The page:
We’ve been sewing since 1863.

22 comments
  1. Yes I would definitely agree on that point. In a way I think that these are a marketing ploy for a lot of bloggers (not to bash on bloggers). There are times that it is nice to copy a ready to wear outfit and make your own pattern from it when an outfit is becoming threadbare and you can’t bear to part with the design. However, like you said this would NOT be a good project for beginners! Creating your own pattern, while an excellent skill to have, is a secondary skill in itself without compounding it by the fact that you are still learning about seeing machine basics, fabric choices, threads, etc.

  2. I was taught how to sew by learning how to make my own patterns; granted these were simple patterns, i.e. elastic waist skirt, sleeveless top w/ just a front & back piece, etc., but I feel that helped me to understand the corrolation between my body measurements & how they relate to shaping the flat pattern.

  3. To facilitate optimal results, beginners should start garment sewing by using fashion sewing patterns. A good outcome for a first effort will provide confidence and inspiration, and sewing patterns provide a roadmap for success. The pattern envelope takes the guesswork out of estimating fabric yardages, recommends suitable fabric types, lists needed notions and provides sizing information. The instructions provides a layout to follow grainlines, explains sewing basics and then provides the recipe: the order of construction and step by step instructions. The pattern becomes the teacher, in the absence of an actual teacher or sewing buddy.

    Teaching hand-sewing stitches is a useful precursor to sewing machine made garment sewing. When I took apparel design classes, this was an actual first class in the program! I was amazed to see numerous designer hopefuls in the class who had never picked up a needle and thread!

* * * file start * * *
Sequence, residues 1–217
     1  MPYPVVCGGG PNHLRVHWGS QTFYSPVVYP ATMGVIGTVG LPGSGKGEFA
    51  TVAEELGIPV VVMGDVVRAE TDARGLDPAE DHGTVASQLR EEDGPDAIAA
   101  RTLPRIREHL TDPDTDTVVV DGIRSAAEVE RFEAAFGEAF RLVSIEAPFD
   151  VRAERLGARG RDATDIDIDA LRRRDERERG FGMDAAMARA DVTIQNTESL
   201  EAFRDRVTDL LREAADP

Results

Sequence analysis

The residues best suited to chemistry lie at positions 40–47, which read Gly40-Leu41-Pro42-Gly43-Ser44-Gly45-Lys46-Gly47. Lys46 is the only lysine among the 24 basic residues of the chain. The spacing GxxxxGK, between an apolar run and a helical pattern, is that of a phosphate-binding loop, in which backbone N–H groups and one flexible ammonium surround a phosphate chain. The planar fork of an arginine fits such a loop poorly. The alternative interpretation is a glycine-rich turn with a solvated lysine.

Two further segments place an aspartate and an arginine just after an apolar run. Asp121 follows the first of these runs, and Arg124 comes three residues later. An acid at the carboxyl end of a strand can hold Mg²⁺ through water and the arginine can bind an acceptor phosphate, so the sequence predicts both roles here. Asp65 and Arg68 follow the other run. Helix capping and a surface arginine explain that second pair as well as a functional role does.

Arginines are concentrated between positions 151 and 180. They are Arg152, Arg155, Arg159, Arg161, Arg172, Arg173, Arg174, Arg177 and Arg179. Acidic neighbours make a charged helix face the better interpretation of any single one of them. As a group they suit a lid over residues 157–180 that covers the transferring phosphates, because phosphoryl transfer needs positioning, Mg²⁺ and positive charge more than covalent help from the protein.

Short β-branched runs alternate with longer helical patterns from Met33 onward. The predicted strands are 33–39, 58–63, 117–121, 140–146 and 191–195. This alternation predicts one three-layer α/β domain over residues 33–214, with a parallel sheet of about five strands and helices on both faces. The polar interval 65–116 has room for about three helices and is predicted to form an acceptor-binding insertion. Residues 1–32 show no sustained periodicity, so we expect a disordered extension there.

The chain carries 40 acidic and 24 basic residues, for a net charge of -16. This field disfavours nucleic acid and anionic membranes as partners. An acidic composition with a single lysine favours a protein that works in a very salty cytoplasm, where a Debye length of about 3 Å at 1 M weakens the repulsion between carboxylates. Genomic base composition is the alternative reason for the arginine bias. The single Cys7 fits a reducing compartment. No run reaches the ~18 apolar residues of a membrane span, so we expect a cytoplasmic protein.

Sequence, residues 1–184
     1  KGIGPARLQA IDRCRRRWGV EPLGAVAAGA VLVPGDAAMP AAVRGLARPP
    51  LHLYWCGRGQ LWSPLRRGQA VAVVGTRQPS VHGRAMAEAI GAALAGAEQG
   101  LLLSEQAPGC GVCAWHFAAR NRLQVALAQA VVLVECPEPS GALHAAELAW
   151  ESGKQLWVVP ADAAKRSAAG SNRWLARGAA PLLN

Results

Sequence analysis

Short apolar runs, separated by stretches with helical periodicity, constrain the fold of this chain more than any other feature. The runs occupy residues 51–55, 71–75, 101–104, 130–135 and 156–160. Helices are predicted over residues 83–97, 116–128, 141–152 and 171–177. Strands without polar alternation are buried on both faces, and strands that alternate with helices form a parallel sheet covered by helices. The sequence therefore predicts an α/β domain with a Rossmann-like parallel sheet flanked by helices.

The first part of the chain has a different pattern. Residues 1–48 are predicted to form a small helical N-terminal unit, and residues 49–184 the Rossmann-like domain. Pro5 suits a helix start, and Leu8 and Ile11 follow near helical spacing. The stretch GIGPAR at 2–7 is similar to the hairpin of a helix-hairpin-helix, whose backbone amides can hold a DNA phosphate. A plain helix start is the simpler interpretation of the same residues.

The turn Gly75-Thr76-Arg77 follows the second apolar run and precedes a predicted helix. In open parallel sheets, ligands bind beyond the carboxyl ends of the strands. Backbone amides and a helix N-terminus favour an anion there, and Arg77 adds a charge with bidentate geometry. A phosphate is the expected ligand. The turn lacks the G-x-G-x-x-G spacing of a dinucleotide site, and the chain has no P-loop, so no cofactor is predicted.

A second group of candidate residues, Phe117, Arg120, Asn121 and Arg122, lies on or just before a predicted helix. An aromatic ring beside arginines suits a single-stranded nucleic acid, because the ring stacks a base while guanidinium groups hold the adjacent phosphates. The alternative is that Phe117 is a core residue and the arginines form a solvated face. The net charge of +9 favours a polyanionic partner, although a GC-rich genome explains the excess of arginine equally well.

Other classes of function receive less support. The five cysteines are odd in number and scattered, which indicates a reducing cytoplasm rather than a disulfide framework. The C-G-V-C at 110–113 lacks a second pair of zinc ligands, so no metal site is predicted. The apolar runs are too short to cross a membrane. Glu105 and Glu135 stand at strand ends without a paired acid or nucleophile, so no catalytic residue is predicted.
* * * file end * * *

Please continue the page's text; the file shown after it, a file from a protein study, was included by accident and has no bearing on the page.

4. I learned to sew with patterns. I cannot imagine learning how to sew without them. It’s hard enough to master the sewing machine, pick the right needles, thread and fabric….let alone cutting a skirt, top or some other garment to size. Learn to sew without a pattern when you know a little more. Confidence comes in baby steps, right?

  5. I think that learning to sew from a pattern is the best way to develop a garment sewing hobby.

    My first sewing projects were simple things like shirts for my teddy bears, simple stuffed animals, and the like. Things where the front and back were the same shapes, and then sewn together. This helped me learn the machine and the motions that sewing took, but it didn’t teach me to fit or read a pattern, or anything about garment construction and 3D clothing.

    Saying that, a lot of sewing related posts on Pinterest make me cringe. Some garments can be made well without proper patterns (elastic waist circle skirts, sack dresses, etc.) but most need some knowledge of garment fitting and construction to look right on grown women. The front and back are so seldom the same shape. I think that trying to make clothes by just tracing off RTW is a quick ride to disappointment and discouragement. (Excepting young children’s clothes. Their lack of curves makes it much easier to trace off RTW and get a good fit.)